Food for Good

Milt's BBQ and Extra Innings Dish Up Soul-Nourishing Kosher Meals

By Nicole Bruce

At CJE, we’re always looking for our next great meal, particularly go-to spots that can accommodate the dietary desires of multiple generations. Chicagoans who keep kosher are likely already acquainted with the Lakeview neighborhood hotspot Milt’s Barbeque for the Perplexed, a restaurant wholly committed to giving back to the community it serves. But fans of the pork-free BBQ will be delighted to know Milt’s BBQ owner Jeff Aeder recently opened up a second dining destination—a Jewish baseball-focused cRc certified kosher deli with a charitable mission—right next door.

Like Milt’s BBQ, Milt’s Extra Innings donates 100% of its profits to charity, and there’s exceptional counter service. Milt’s Extra Innings employs young adults with intellectual and developmental disabilities through a partnership with Keshet, a partner of JUF dedicated to helping individuals with disabilities reach their full potential. Milts47.fw.png

Aeder’s experiences with his own daughter and niece with special needs have helped shape the charitable vision for both the BBQ joint and the deli. The philanthropic eateries are now a dynamic force in the city’s food scene and greater Chicago and Jewish communities. “My sister and brother-in-law were trying to figure out the best opportunities for my niece, who has some intellectual disabilities. I learned that two-thirds of all people with intellectual and developmental disabilities are unemployed. Yet I know they have so much to offer.”

By providing meaningful employment, Extra Innings hopes to build a more inclusive environment: “We have 10-15 employees with special needs who are absolutely loving the experience,” said Aeder, a real estate investor who loves to give back. The Sidney and Lisa Glenner Keshet GADOL program—a vocational program for adults with developmental and intellectual disabilities—finds, hires, and trains young adults from their own programs as well as other organizations like the Anixter Center.

Alongside the soul-warming matzo ball soup, loaded pastrami sandwiches, and classic spaghetti with meatballs served up with a smile, you’ll find the deli—a stone’s throw away from Wrigley Field—decked out with quirky Jewish baseball memorabilia. Aeder, who’s also the Jewish Baseball Museum commissioner, wanted to celebrate the history of Jews in the sport—one that makes us feel a part of a community and something bigger than ourselves. “It combines my love for baseball, for the history of Jews in baseball and for finding opportunities for people who were not being given them,” said Aeder. “The best way to lead is by example. So for my kids, for the community and for everybody else, we’re showing by example.”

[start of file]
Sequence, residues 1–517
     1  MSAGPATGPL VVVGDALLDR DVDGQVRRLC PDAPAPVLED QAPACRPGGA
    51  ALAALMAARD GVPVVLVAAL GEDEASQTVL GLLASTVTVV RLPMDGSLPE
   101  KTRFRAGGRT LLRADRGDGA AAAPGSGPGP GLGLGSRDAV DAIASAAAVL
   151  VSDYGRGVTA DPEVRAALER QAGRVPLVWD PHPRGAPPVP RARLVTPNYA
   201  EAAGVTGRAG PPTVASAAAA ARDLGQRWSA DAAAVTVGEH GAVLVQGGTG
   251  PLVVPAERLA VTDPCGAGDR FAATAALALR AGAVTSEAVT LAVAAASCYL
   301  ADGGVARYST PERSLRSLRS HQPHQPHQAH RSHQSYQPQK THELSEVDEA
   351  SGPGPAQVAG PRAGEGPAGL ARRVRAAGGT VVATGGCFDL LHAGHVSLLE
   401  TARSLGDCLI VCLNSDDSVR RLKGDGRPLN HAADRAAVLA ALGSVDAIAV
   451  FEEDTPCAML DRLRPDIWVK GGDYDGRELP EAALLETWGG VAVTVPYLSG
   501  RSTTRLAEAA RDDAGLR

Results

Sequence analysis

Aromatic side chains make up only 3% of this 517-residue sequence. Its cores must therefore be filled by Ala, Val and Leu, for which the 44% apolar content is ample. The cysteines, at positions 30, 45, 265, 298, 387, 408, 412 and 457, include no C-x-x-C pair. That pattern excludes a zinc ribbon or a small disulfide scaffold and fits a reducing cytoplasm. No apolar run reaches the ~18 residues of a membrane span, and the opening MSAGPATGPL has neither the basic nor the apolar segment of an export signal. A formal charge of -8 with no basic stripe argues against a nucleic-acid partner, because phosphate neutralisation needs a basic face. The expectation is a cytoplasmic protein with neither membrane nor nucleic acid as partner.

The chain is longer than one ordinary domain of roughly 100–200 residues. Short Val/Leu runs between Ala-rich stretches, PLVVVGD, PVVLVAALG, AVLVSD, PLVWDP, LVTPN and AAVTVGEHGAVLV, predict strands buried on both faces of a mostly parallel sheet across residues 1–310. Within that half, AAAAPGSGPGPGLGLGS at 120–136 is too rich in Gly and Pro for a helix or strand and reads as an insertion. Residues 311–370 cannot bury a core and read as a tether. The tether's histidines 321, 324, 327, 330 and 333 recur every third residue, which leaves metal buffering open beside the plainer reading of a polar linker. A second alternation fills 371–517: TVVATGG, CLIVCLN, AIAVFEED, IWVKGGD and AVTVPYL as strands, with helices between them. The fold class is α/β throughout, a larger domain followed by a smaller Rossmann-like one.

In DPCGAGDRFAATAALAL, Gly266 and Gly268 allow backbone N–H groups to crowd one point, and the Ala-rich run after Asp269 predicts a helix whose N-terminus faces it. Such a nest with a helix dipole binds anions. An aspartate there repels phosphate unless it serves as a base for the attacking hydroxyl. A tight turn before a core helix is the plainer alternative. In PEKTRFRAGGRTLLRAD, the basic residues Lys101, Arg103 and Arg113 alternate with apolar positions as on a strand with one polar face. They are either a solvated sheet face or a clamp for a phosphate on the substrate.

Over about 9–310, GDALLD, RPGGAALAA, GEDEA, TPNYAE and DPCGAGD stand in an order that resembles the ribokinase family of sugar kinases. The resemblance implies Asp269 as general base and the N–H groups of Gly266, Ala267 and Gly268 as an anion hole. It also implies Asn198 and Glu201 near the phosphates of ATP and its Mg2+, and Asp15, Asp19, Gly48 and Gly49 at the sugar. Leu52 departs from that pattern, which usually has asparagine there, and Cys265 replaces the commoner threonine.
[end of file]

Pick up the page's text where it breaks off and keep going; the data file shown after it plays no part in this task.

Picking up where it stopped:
Before opening Milt’s BBQ in 2013, Aeder and his wife were involved in a number of large scale community projects. They founded the Wolcott School, Chicago’s first college-prep high school for students who learn differently, based on the needs of their oldest daughter, who “struggled in school with some learning differences.” Aeder adds, “Around the same time, I was interested in trying to help the Jewish community build a stronger presence in Lakeview. I thought a restaurant that also supported community-based organizations would be a great addition. Plus, I love barbeque.”

In the spirit of Aeder’s Uncle Milty, the “good-hearted and always perplexed” uncle who inspired the restaurant duo, the restaurants’ commitments extend beyond the tasty kosher meats smoked on-site. The beef spare ribs, chopped brisket sandwiches and potato latkes come with a hearty side of do-good. Their community work extends well beyond the crowds they serve in house. Since opening five years ago, Milt’s BBQ has donated 100% of all profits to 50 to 60 different charities around Chicago through the Jeffrey F. Kahan Memorial Fund, which facilitates the charitable giving and community programming for both eateries.

The Milt’s BBQ Community Gift of the Month showcases their commitment to the neighborhood. Causes they’ve supported range from local Jewish day camps and synagogues to youth arts programs and book drives to cancer and brain research foundations to food pantries and homeless shelters to schools and LGBTQ community centers. “We try to diversify the charities and we like to keep it local, so we talk to people in the community,” said Aeder.

If the hospitality industry is about the people you serve, then Milt’s BBQ and Extra Innings are hitting it out of the park. Baseball season is officially here!